Dagger 2 ( Caution: PLEASE TRY AT HOME ) Part 1

WOW, we got one more day so its time to make this day awesome by learning something new 🙂.

Hello Friends, hope you are doing good. Today I am going to start a new series of something special. Which is called a Dagger 2. I am thinking from last 2 months I will start some series on this toughest and complex topic but every time I scared, how I can convey my message to my readers. I should create a video lecture for this. But now I decided I will try first by going with blog and later if I feel from my readers comments that is not good then I will go with video lecture series.

Motivation:
Truly saying Dagger 2 give me a very tough time. Instead I met with some developers and I asked them, how I can learn Dagger 2 ? But every time I got same answer with different words. “We are also trying but not able to grasp the concept”. So just like for everything I start searching Dagger 2 on Google and I got lot of tutorials. Which are good but not able to convince me to use Dagger 2 and what is Dagger 2. Common terms which I always got in these tutorials are Field Injection, Constructor Injection, Method Injection, @Component, @Module, @Provide and @inject. But in the end I am more confused. Instead some time’s I am good to write a code how tutorial is saying but not good in real world projects. I also try to read from official website of Dagger2 but there I learn how to make a Coffee Maker but I am not able to use that concept in my real life apps. May be someday I will get some project related to Coffee shop then I can use that Coffee Maker example 😛 . In the end I figure it out I am going to learn Dagger 2 with the same strategy how I am going to learn other things. Which I got a feeling that is wrong. So I decided I will go with the refactoring strategy. As I used my new strategy, I am amazed Dagger 2 is very easy and very useful in 1-2 days. So now I will follow the same strategy here in my this series. It’s time to ATTACK.

Note: I am giving you 100% guarantee. In the end of this series you will be the master of Dagger 2, only try to follow what I am saying, try to grasp that concepts which I will share with you and if you are a person same like me, who is confused with Dagger 2 please try to forgot for the time being what you know about Dagger 2.
Caution: Mostly we used to watch “Do not try at home”. But for this series, I have caution “PLEASE TRY AT HOME”.
Introduction:
If you guys are confused from the terms which are given below or may be you have all the question in your mind which are given below:
DI ( Dependency Injection )
Why DI?
Robo Juice
Dagger
Dagger 2
Field Injection
Construction Injection
Method Injection
Component
Module
SubComponent
@Inject
@Provide
@Scope
@Singleton
……. ….. ….. etc.
Please forgot or try to remove these questions from your mind. May be later in the end of this series you are not able to grasp these concepts from my post, you can comeback on this part and you can remember again from the above mention terms 🙂 ( to make your self minimum confused again).
I am going to create a one Android application. In which I will use different libraries with Dagger 2 but in this post I will do all the code without using Dagger 2. Main purpose of this post we should grab the knowledge of DI or Dependency Injection. So in next post we will do refactor our today’s app code by using Dagger 2. Before start, please forgive me if you feel I am wasting your time but from next post you will be happy when you will feel I did not waste your time, instead I saved your time.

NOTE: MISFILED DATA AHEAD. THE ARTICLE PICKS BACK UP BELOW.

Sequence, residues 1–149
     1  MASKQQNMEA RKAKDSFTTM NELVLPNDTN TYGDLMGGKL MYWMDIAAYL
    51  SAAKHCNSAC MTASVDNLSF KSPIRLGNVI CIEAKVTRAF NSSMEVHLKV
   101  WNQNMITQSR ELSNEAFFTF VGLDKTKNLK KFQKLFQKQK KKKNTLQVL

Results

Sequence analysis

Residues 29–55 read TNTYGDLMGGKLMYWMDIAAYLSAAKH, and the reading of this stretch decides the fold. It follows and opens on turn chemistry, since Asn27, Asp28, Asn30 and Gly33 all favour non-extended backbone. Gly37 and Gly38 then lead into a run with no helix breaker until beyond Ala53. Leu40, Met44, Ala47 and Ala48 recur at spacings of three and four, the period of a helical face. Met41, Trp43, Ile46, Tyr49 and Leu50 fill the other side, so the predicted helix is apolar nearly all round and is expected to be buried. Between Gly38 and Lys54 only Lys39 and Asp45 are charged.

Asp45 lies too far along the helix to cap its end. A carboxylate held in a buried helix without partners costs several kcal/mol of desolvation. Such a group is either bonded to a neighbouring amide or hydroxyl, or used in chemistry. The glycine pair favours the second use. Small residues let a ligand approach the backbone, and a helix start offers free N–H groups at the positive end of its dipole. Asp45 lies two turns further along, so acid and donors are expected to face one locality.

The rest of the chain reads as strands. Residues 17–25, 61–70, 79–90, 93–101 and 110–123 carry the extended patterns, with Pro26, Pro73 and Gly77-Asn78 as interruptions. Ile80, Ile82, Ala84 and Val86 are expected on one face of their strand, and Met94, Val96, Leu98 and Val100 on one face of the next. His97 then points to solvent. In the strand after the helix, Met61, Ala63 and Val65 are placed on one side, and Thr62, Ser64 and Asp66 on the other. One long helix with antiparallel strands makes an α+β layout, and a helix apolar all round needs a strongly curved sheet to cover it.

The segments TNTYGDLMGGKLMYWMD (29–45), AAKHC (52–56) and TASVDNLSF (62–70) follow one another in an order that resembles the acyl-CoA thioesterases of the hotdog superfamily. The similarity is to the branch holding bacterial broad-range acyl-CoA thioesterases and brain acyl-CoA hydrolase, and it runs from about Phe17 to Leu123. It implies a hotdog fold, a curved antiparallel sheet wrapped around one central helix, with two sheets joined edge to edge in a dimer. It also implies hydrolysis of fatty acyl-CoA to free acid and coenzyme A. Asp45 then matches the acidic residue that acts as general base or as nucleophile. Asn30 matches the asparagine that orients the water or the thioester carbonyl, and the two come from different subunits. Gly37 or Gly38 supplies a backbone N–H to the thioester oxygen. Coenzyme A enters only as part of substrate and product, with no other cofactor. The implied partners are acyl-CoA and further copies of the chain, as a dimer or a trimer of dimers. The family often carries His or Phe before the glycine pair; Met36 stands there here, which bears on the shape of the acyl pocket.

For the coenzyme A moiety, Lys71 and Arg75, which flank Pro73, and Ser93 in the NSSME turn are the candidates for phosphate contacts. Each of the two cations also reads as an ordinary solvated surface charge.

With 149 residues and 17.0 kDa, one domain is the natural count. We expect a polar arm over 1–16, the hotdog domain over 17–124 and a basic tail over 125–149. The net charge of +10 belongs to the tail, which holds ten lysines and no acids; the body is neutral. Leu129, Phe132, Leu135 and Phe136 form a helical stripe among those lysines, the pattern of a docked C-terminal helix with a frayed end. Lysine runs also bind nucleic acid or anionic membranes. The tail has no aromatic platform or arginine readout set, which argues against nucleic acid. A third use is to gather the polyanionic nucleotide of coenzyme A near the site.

What is Dependency?
For example I have two classes A and B. Now A is using B. So we can say A is dependent on B.

public class A {
    B b;
    public A(B b) {
        this.b = b;
    }
}
public class B {}

Now here we can say B is a Dependency for A. I think confusion is clear.
A -> Dependent on -> B
B-> Dependency for -> A
Just like we know in android we used to add dependencies like

compile 'com.android.support:appcompat-v7:25.3.1'

So our Android app is dependent upon appcompat lib or we can say appcompat is dependency for our app.

What is Dependency Injection?
Here we already know what is dependency. Now its time to check first Injection definition. How you are going to provide a Dependency to a class or a project that is called an Injection. So as a whole Dependency injection means, how I am going to provide the classes or libs on which my app or program dependent is called Dependency Injection.
There are three famous techniques to provide a dependency which I am going to mention below but will discuss later.
1. Constructor Injection (Means I am providing some code or object by using constructor, on which my class is dependent)
2. Method Injection (Means I am providing some code or object by using method, on which my class is dependent)
3. Field Injection (Means I am giving some code or object by using Field, on which my class is dependent)
If not clear do not take tension only try to clear what is Dependency, Dependent, and Dependency Injection.

Now I have a one repo on Github which I am going to share with you. That example I will use for whole this series. Currently I have a plan I will do code by using Java and Kotlin. Today I am already done with Java. So we will go with Java.
Dagger2 Part1 (Remember you need to checkout Part1 Branch)

Now below image is our whole app.

In this app I am not using any MVP or MVVM or any other architecture. In this app my main focus is Dagger 2 so I try to right my code maximum as readable and good so any body can learn Dagger 2.
First I am going to show you how many dependencies currently we have in our  app.

apply plugin: 'com.android.application'
apply plugin: 'me.tatarka.retrolambda'
// Kotlin related dependencies
apply plugin: 'kotlin-android'
apply plugin: 'kotlin-android-extensions'
apply plugin: 'kotlin-kapt'

android {
    ...
    // Currently Added for Retro lambda
    compileOptions {
        sourceCompatibility JavaVersion.VERSION_1_8
        targetCompatibility JavaVersion.VERSION_1_8
    }
   ....
}

dependencies {
    ...
    // Retrofit 2 for API call's
    compile 'com.squareup.retrofit2:retrofit:2.3.0'

    // JSON Converter. Which I used with Retrofit.
    compile 'com.squareup.retrofit2:converter-gson:2.3.0'

    // Rx Java 2. I used for callback in Recycler view adapters + with retrofit.
    compile 'io.reactivex.rxjava2:rxjava:2.0.2'